Tanker cars leaking, power cut off after train derailment near North Dakota-Montana border
CULBERTSON, Mont. - A train carrying oil derailed in northeast Montana Thursday, hours after the tracks reopened from another train derailment that occurred on Tuesday in the same county.
CULBERTSON, Mont. – An oil train derailed in northeastern Montana on Thursday and struck a powerline pole as it derailed but has not caused any fires or injuries, officials said Friday.
“We’re real lucky it didn’t go bang,” said Chief Deputy Corey Reum with the Roosevelt County Sheriff’s Office.
The westbound train hit a powerline pole adjacent to the railroad track as it derailed about 6:05 p.m. Mountain Time on Thursday, Reum said. Power has been turned off to that area as a precaution, he said.
Twenty-two oil tankers derailed and three of the cars are leaking oil, BNSF Railway spokesman Matt Jones said.
The oil that was spilled is contained and BNSF environmental responders are on scene, Jones said.
Firefighters from Culbertson and Bainville remained on scene all night and were assisting BNSF on Friday, Culbertson Fire Chief Alan Aspenlieder said.
Fire crews may apply foam to oil that is leaking to prevent a fire in the case of a spark, Reum said.
Homes within a mile of the derailment were evacuated Thursday night, but residents were allowed to return home about 8 a.m. Mountain Time Friday, Reum said.
U.S. Highway 2 is closed between Culbertson and Bainville and traffic is being detoured.
Reum said he expects the highway will remain closed for much of Friday.
Investigators from the Federal Railroad Administration and the Pipeline and Hazardous Materials Safety Administration are en route to the scene.
Oil tankers not damaged in the derailment headed west out of Culbertson about 9:20 a.m. Mountain Time. The tankers appeared to be newer DOT-111A cars.
“They did their job on this one,” Aspenlieder said.
Volunteer firefighters from the area attended a hazardous materials training last fall to prepare for this type of scenario.
“We’ve been expecting it to happen sooner or later,” Aspenlieder said.
Once the spilled crude oil is cleaned up, rail cars can be re-railed and removed from the area, Jones said. Track inspections and repair work will follow.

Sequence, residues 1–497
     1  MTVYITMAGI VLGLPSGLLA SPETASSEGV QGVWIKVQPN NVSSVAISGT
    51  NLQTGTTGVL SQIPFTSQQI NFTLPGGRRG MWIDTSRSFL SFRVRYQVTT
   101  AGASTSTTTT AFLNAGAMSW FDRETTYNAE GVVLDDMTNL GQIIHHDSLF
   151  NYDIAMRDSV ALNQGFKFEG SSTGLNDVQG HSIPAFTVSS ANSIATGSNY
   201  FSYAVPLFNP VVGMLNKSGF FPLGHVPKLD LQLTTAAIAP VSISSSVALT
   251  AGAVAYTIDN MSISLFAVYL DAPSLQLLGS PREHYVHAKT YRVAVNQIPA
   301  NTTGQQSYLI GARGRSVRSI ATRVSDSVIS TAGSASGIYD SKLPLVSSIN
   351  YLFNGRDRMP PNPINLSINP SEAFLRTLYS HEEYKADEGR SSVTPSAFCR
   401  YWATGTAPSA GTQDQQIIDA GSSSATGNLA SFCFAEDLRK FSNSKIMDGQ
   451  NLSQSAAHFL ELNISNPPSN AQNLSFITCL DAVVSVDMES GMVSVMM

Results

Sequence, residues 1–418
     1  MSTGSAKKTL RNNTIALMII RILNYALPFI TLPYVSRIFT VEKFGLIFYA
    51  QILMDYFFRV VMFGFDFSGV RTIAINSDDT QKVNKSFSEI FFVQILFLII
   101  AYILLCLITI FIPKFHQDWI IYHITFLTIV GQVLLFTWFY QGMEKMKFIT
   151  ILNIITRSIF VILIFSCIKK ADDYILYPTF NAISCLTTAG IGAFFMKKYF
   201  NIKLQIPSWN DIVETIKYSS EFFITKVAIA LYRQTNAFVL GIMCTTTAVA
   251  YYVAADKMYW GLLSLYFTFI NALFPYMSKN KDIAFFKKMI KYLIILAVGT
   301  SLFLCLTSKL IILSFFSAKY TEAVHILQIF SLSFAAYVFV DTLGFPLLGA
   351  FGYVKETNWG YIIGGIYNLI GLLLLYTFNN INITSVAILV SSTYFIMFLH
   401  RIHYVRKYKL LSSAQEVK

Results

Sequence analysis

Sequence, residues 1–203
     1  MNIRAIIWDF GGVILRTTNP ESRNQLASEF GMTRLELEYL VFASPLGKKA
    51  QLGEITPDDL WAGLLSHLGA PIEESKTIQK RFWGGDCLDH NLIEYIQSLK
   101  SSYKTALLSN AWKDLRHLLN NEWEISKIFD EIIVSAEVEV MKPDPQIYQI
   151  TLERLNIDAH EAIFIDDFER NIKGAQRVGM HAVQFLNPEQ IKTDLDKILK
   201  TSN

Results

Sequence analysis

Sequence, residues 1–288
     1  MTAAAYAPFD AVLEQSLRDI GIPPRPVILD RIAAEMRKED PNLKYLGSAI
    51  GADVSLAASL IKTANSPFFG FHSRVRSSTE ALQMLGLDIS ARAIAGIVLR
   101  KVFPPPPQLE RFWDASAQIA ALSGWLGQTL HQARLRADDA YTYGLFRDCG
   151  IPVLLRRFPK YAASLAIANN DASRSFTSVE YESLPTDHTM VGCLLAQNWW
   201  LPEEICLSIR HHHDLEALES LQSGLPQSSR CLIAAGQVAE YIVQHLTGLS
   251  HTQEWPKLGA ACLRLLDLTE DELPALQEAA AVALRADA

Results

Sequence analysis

The train contained 106 loaded crude oil cars and two buffer cars loaded with sand to separate the engines from the oil cars.
Statoil owns the oil on the train and leased the railcars, said Statoil spokesman Peter Symons.
Representatives from Statoil are on scene assisting BNSF, Symons said.
The oil did comply with the North Dakota oil conditioning order, intended to make Bakken crude less volatile for shipping, that took effect earlier this year through the Department of Mineral Resources, Symons said.
Nine rail cars derailed Tuesday afternoon near Blair, Mont., about 20 miles to the west of the Thursday derailment, Reum said.
Both derailments were within about 50 miles of Williston, N.D.
The tracks had reopened early Thursday afternoon after crews repaired 1 mile of damaged track from Tuesday’s accident.
Tuesday’s derailment disrupted Amtrak service between Whitefish, Mont., and Minneapolis, and more delays are expected.
Passengers on the eastbound Empire Builder route on Friday will take buses between Havre or Wolf Point and Minot, N.D., Amtrak spokesman Marc Magliari said.
Amtrak officials, in coordination with BNSF, anticipate the tracks will be reopened by the time the westbound train goes through the derailment area later Friday, Magliari said.
“There’s a lot of traffic congestion, we’ve been told, because the tracks have been opened and closed and opened and closed,” Magliari said.